A Renault advert has been banned for using French electricity figures to back a claim that the carmaker is reducing CO2 emissions, a watchdog has said.
The national press ad described Renault's plan for four electric vehicles, claiming "the well-to-wheel efficiency of a Renault Fluence Z.E. will help reduce CO2 emissions by at least 90% compared to a current diesel model".
Accompanying small print said the comparison was based on the "French average electric mix".
A reader complained that the ad was misleading because the French electricity generation mix had significantly lower levels of CO2 emissions than electricity produced in the UK.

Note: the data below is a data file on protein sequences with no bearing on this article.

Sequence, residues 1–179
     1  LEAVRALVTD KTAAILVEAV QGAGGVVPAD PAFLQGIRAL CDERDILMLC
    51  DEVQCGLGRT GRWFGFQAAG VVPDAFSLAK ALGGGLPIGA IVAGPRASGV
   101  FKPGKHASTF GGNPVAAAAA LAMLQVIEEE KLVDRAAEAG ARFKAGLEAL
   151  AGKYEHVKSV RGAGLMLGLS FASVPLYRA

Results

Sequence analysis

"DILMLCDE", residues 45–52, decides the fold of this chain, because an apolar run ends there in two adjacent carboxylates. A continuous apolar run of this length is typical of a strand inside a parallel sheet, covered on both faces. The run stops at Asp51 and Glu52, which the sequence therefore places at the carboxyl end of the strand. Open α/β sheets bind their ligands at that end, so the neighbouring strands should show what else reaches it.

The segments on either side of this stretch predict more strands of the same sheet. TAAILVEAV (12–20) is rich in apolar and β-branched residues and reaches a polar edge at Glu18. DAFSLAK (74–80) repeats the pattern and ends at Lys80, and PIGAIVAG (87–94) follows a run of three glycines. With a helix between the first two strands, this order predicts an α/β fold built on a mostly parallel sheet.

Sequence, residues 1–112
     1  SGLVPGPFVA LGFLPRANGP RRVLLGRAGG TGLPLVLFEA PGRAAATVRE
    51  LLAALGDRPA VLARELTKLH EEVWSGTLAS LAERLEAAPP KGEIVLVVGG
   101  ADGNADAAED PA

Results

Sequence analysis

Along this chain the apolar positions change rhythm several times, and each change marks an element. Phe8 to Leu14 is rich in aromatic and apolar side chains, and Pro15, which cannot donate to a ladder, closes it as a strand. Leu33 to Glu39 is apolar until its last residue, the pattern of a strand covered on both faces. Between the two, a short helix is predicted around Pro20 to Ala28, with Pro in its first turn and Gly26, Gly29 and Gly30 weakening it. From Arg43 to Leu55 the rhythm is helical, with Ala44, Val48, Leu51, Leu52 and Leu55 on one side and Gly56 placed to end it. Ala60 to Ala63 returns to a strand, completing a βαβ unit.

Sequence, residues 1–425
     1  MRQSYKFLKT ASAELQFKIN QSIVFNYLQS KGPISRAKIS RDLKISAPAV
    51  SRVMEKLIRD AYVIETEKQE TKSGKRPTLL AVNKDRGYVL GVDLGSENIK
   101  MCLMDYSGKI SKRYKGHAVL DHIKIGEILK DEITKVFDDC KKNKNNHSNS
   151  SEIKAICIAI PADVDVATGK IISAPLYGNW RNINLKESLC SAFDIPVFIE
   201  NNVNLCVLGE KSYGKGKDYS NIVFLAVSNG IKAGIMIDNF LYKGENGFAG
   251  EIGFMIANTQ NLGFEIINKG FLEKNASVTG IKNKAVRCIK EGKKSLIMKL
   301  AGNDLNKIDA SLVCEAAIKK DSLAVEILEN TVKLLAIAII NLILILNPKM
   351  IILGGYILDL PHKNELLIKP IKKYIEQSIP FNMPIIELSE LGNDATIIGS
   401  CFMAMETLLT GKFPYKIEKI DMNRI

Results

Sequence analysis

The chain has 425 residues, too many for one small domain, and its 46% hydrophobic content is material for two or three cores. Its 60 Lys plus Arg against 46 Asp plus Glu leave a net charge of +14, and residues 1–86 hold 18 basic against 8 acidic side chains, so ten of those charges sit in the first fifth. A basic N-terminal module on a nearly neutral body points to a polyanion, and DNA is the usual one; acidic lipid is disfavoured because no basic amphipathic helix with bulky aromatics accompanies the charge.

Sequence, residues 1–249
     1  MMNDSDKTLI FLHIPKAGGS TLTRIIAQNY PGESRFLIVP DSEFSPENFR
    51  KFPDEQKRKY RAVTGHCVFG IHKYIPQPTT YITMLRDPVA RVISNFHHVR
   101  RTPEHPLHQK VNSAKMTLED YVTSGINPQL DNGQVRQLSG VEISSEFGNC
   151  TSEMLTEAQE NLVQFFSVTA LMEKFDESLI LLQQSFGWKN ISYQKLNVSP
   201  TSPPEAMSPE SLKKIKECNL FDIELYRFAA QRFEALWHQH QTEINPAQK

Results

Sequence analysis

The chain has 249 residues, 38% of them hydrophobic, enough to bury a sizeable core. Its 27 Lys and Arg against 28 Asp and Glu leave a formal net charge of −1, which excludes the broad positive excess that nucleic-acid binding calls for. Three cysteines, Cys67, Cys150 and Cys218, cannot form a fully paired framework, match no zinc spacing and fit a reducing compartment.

Defending the ad, Renault said it was not misleading to use French figures because it expected to sell significantly more vehicles there than in the UK.
It added that there were a number of electricity providers in the UK which provided carbon-free or reduced-carbon tariffs, allowing consumers to buy power with CO2 emissions similar to the French average mix.
The Advertising Standards Authority (ASA) upheld the complaint, saying that readers were unlikely to understand the difference between electricity generating mixes in France and the UK and how that would affect CO2 savings in different countries.
The ASA said: "Because the figure was not representative of CO2 savings typically available in the UK, we concluded that the ad was likely to mislead."
It ruled that the ad must not appear again in its current form.